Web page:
Forget about solving all these crimes; the signal triumph here is (spoiler) the heroine’s survival.

Pub Date: March 17, 2020

ISBN: 978-1-9821-3888-2

Page Count: 352

Publisher: Scribner

Review Posted Online: Dec. 23, 2019

Kirkus Reviews Issue: Jan. 15, 2020

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THE MIDNIGHT CLUB

Patterson's thrillers (Virgin, 1980; Black Market, 1986) have plummeted in quality since his promising debut in The Thomas Berryman Number (1976)—with this latest being the sorriest yet: a clanky and witless policer about a criminal mastermind and the cop sworn to take him down. Aside from watching sympathetic homicide dick John ("Stef") Stefanovich comeing to terms with a wheelchair-bound life—legacy of a shotgun blast to the back by drug-and-gun-running archfiend Alexandre St.-Germain—the major interest here lies in marvelling at the author's trashing of fiction convention. The whopper comes early: although St.-Germain is explicity described as being machine-gunned to death by three vigilante cops in a swank brothel (". . .a submachine gun blast nearly ripped off the head of Alexandre St.-Germain"; "The mobster's head and most of his neck had been savaged by the machine-gun volley. The body looked desecrated. . ."), before you know it this latter-day Moriarty is stepping unscathed out of an airplane. What gives? Authorial cheating, that's what—thinly glossed over with some mumbling later on about a "body double." Not that St.-Germain's ersatz death generated much suspense anyway, with subsequent action focusing on, among other items, the gory killings of assorted mob bosses by one of the vigilante cops, and Stef's viewing of pornographic tapes confiscated from that brothel. But readers generous enough to plod on will get to read about the newly Lazarus-ized St.-Germain's crass efforts to revitalize and consolidate the world's crime syndicates ("the Midnight Club"), Stef's predictable tumble for a sexy true-crime writer, and how (isn't one miracle enough for Patterson?) at book's end Stef walks again and gets to embrace a rogue cop who's murdered several people. Ironsides with a badge and a lobotomy.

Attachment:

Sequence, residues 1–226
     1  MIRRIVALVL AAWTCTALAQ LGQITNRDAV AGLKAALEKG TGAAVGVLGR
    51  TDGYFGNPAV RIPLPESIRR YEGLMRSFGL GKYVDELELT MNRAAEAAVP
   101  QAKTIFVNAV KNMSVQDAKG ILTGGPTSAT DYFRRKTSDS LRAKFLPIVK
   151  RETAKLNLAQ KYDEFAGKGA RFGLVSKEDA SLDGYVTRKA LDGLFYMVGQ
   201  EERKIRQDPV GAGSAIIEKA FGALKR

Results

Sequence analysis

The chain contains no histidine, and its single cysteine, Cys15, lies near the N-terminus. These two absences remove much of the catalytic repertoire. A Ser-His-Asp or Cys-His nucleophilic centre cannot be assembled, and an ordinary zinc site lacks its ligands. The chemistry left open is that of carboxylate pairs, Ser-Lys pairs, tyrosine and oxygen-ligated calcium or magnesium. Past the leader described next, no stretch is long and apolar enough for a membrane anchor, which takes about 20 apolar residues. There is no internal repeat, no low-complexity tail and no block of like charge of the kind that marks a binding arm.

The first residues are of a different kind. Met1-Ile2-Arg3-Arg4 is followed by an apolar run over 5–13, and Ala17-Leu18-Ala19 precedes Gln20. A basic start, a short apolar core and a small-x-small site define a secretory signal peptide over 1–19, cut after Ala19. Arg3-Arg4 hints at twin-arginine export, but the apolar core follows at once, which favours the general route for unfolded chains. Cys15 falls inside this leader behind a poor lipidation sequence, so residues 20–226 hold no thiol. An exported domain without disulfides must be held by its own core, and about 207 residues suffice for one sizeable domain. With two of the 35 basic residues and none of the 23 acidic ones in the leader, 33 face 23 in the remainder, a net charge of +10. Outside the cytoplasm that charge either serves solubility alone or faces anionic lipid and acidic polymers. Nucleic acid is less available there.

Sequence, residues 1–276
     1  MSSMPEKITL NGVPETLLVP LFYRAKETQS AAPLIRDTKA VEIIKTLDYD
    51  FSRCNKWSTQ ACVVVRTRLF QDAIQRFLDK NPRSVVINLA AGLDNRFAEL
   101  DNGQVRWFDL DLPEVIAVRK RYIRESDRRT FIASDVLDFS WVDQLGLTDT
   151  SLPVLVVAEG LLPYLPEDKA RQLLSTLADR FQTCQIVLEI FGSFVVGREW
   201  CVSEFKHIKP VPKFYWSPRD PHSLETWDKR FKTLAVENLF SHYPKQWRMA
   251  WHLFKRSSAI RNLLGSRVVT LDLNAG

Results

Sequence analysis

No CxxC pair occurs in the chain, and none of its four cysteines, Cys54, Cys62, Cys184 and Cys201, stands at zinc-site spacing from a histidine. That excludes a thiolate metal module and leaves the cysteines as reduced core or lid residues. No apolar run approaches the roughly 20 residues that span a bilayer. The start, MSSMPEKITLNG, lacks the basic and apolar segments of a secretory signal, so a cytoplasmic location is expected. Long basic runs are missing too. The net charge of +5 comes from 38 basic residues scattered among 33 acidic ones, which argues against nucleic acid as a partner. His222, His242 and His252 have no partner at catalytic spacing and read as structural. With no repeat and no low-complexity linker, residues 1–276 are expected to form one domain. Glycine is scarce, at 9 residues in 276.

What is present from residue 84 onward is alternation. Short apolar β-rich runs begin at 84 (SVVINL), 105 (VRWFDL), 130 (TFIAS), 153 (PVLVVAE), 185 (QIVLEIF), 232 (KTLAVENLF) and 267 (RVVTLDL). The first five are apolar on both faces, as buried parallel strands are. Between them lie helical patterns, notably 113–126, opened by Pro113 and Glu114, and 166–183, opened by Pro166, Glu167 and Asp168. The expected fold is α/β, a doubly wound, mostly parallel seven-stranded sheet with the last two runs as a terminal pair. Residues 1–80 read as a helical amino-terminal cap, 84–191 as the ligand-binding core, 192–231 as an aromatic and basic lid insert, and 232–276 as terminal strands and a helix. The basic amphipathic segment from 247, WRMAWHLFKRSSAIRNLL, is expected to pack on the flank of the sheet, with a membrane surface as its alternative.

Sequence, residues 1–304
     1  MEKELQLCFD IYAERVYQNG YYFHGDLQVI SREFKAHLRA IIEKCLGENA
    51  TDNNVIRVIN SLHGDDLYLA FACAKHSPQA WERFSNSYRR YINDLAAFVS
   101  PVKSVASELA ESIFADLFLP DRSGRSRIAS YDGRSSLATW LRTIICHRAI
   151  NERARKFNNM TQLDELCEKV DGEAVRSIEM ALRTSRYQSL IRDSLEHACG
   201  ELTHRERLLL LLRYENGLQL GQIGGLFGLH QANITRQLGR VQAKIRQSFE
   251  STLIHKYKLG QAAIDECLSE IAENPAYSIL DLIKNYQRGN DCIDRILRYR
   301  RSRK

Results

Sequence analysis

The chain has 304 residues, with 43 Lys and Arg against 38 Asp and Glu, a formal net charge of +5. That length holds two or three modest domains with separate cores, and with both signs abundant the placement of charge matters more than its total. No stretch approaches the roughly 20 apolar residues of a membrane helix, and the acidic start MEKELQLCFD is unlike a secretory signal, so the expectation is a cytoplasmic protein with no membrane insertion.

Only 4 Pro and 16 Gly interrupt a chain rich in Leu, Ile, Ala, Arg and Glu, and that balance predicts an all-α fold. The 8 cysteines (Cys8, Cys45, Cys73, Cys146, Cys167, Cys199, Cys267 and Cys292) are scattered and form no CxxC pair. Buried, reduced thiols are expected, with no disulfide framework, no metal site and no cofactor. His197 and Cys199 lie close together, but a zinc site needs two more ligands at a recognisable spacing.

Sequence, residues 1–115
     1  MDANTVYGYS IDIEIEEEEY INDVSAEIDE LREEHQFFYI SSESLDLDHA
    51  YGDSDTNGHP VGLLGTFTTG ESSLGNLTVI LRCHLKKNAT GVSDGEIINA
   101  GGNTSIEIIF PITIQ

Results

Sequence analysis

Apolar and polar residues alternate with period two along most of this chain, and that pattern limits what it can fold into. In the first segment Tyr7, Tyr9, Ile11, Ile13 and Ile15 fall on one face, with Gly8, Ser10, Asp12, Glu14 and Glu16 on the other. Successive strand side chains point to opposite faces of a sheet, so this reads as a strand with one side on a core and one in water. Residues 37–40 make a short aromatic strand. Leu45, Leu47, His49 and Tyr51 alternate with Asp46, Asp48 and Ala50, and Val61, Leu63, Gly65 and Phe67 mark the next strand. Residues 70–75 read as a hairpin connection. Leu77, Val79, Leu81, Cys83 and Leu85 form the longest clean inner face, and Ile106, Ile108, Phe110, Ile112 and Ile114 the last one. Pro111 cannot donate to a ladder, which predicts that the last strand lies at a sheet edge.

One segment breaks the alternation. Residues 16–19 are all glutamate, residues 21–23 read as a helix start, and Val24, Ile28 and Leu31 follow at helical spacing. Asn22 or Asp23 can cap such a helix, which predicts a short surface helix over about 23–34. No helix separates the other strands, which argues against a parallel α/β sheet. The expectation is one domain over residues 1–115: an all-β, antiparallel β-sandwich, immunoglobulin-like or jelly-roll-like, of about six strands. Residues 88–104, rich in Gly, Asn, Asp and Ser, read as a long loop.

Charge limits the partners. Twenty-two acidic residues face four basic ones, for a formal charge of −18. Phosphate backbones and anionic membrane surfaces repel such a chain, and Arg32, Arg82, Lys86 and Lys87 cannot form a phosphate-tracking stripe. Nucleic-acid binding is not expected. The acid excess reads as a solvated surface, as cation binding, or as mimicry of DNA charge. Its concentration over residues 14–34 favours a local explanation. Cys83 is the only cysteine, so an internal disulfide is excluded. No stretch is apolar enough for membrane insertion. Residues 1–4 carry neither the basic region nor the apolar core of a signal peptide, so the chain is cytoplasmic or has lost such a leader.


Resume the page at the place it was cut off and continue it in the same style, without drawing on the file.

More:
Pub Date: Jan. 23, 1988

ISBN: 0446676411

Page Count: 384

Publisher: Little, Brown

Review Posted Online: Oct. 3, 2011

Kirkus Reviews Issue: Jan. 1, 1988